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Save the Sumatran rhino ‘because we can’ (commentary)

16 / 03 / 2018, Mongabaycom News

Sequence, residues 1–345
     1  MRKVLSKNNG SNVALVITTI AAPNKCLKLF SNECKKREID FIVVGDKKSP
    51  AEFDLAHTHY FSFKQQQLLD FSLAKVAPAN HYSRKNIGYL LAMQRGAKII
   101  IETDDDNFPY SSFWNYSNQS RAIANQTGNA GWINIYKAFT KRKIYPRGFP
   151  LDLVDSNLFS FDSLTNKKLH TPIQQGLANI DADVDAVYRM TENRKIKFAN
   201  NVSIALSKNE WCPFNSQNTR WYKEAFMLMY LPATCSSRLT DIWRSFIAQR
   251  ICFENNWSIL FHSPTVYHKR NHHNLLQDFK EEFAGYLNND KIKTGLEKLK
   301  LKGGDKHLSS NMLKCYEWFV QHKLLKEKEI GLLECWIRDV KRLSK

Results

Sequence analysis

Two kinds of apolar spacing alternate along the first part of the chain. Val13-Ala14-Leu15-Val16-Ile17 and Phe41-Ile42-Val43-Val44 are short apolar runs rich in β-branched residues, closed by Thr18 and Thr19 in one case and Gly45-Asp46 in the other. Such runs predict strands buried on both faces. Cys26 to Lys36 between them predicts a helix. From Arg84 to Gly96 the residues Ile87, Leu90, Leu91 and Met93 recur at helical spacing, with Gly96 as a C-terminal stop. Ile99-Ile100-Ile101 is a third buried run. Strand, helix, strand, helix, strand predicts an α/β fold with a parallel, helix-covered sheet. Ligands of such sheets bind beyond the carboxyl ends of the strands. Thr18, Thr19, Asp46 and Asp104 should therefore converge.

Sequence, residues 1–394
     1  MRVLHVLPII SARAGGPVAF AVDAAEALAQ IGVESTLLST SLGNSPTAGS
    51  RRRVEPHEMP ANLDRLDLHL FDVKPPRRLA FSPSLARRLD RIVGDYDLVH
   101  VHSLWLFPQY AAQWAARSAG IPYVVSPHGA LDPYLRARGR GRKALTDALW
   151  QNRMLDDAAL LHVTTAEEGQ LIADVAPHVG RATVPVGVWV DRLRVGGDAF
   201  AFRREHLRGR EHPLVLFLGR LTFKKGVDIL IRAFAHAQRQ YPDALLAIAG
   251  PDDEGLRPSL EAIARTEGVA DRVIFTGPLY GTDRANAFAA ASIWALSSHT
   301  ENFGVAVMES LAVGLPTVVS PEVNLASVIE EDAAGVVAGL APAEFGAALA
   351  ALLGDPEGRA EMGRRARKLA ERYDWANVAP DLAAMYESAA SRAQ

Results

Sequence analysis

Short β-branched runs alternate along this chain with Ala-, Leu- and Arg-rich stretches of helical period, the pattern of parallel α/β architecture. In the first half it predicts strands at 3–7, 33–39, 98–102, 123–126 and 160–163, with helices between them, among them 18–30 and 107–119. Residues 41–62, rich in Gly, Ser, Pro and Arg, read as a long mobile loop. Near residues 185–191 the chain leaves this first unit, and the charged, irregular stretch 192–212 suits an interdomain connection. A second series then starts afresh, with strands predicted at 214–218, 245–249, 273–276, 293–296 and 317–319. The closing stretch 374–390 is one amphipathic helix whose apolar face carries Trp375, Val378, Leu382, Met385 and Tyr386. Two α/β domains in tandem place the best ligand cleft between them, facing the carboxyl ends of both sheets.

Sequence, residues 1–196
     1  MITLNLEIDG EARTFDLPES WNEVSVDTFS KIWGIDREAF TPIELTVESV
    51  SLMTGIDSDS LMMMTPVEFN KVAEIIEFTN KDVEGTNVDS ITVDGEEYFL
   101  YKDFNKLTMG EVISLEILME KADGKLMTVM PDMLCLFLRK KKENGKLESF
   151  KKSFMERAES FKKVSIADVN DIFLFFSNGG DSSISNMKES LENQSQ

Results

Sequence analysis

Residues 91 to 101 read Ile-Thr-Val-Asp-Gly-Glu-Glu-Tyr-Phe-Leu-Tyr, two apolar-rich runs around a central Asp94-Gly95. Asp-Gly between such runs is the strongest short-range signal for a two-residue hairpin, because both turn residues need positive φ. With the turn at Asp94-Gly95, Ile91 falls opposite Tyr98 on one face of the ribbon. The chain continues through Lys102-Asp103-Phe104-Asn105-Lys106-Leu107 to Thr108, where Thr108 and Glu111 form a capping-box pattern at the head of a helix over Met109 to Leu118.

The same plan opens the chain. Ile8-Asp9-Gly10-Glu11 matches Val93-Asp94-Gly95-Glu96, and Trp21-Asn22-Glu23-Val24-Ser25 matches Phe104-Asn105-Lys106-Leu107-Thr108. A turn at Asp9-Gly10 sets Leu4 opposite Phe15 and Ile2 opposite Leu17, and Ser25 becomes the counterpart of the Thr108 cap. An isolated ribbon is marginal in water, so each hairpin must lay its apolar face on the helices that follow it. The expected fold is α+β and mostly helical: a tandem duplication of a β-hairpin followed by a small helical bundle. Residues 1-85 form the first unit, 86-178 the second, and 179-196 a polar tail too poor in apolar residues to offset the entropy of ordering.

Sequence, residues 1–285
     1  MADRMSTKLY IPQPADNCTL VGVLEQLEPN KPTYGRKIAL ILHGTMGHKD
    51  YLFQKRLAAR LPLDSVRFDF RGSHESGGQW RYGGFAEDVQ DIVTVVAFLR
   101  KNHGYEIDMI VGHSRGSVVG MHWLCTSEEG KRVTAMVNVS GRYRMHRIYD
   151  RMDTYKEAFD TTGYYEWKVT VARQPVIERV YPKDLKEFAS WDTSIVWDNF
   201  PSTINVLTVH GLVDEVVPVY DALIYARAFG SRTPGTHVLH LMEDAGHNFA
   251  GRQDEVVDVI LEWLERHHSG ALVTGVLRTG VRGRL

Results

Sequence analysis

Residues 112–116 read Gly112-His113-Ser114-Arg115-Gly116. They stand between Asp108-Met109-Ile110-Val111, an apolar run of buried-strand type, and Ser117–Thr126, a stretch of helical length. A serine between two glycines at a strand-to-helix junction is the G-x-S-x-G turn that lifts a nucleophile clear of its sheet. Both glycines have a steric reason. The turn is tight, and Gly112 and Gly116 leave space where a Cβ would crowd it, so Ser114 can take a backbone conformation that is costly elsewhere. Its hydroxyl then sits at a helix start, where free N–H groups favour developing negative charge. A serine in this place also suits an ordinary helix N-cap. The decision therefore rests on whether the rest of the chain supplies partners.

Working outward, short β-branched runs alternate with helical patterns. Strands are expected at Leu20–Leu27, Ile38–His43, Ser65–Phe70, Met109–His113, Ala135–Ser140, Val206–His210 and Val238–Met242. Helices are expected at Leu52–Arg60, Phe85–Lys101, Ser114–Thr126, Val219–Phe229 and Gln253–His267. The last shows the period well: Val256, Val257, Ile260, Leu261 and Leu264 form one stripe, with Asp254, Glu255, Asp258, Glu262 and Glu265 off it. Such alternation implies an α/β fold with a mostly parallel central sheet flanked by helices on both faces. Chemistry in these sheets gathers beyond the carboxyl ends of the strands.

Senior correspondent Jeremy Hance argues today in an opinion piece for the Sydney Morning Herald that we should save the Sumatran rhino, the world’s oldest, smallest, and cutest rhino from extinction not only because losing biodiversity is bad for the health of humanity’s environment, but also “because we can.” Mongabay sent Hance to Indonesia in 2017 to visit the remaining Sumatran rhinos (estimates vary from 30 left on the one hand, to maybe 100 on the optimistic side) in the forests and protected sanctuaries where captive breeding is having some limited success. To keep these ‘lovably weird’ rhinos from extinction, the Indonesian government must act, he argues, because even if there’s 100 left, that size population is unlikely to be viable in the long term. Hance filed a series of four reports for Mongabay: Part One looked at how many rhinos remain in the wild Part Two focused on Bukit Barisan Selatan National Park and the Rhino Protection Units Part Three discussed the debate over captive breeding versus protecting rhinos in the wild Part Four explores the Indonesian government’s role in rhino conservation. Here’s his feature in the Sydney Morning Herald: Save the littlest rhino “In Rudyard Kipling’s classic story of how the rhino got his skin, the titular character is an unmannered lout. This is how the public imagines rhinos: aggressive, dumb and grumpy – charge first, ask questions never.  But in 2010 when I met my first Sumatran rhino, a fellow named Tam, he whistled at me like a curious dolphin…

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